India 136 & 190-2 (Gambhir 80, Sehwag 63) v
South Africa 620-4 dec. (Kallis 201no)
First Test, Centurion Park, day three
Jacques Kallis scored his maiden Test double-century as South Africa declared on 620 for four against India, who then closed day three of the opening match at Centurion Park on 190 for two in their second innings.
India, who were bowled out for 136 in their first innings, showed a dramatic improvement with the bat second time round with openers Gautam Gambhir and Virender Sehwag scoring half-centuries.
They will, however, resume the fourth day some 294 runs behind and with plenty of work still to do if they are to stay in touch - still more if they are to save the game.
South Africa began the day on 366 for two and the runs continued to flow with Hashim Amla going on to make 140 before he was caught by Mahendra Singh Dhoni off Ishant Sharma.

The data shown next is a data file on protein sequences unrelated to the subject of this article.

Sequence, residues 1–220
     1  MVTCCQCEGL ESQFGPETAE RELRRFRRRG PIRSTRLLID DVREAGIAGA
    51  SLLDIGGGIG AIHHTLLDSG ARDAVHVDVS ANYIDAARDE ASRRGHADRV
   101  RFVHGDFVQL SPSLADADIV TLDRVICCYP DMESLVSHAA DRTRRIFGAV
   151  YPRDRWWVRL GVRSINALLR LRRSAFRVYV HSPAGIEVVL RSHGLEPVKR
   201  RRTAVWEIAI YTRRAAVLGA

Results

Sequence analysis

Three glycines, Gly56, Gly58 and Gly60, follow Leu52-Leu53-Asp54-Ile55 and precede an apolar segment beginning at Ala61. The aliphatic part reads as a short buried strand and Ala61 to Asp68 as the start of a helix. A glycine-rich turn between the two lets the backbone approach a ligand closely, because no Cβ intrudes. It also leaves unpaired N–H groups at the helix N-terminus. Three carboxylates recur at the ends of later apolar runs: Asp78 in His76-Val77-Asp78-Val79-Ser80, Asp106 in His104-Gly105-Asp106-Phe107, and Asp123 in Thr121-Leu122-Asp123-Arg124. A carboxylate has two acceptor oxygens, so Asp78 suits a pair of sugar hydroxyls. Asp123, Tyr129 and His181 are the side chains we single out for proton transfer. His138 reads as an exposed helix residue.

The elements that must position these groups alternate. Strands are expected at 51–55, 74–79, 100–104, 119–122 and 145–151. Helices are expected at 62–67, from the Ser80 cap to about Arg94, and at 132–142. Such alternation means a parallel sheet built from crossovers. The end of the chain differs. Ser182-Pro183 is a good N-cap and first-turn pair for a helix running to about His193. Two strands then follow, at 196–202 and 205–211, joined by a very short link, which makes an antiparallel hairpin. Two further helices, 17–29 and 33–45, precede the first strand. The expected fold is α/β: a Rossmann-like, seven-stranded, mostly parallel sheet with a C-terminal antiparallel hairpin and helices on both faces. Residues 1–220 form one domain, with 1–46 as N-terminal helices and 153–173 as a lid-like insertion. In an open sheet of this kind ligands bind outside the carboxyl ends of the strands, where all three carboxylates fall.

Kallis, who had failed to reach a double-century in his distinguished career which prior to this match included 239 innings, first passed his previous best of 189 and as soon as he reached 201, South Africa declared their innings closed.
At the other end, AB de Villiers needed just 75 balls to race to his 12th Test century and he closed unbeaten on 129 in 112 balls, having hit 12 fours and five sixes.
Kallis also hit five sixes, as well as 15 fours, in 270 balls.
Under pressure, India then responded in kind as Sehwag (63) and Gambhir (80) added 137 runs for the first wicket before Sehwag was caught by Graeme Smith off Paul Harris having after facing 79 balls.
Gambhir, who struggled badly in the first innings, was far more fluent as he made 80 in 124 balls but was dismissed shortly before the close when he was trapped in front by Dale Steyn.
Rahul Dravid was not out on 28 alongside nightwatchman Sharma on seven when stumps were drawn.
South Africa owed their strong position in the match to bowlers Morne Morkel and Dale Steyn, who took seven wickets on the opening day and then excellent batting from the top order when - Smith and Alviro Petersen also scoring half-centuries.
© Cricket World 2010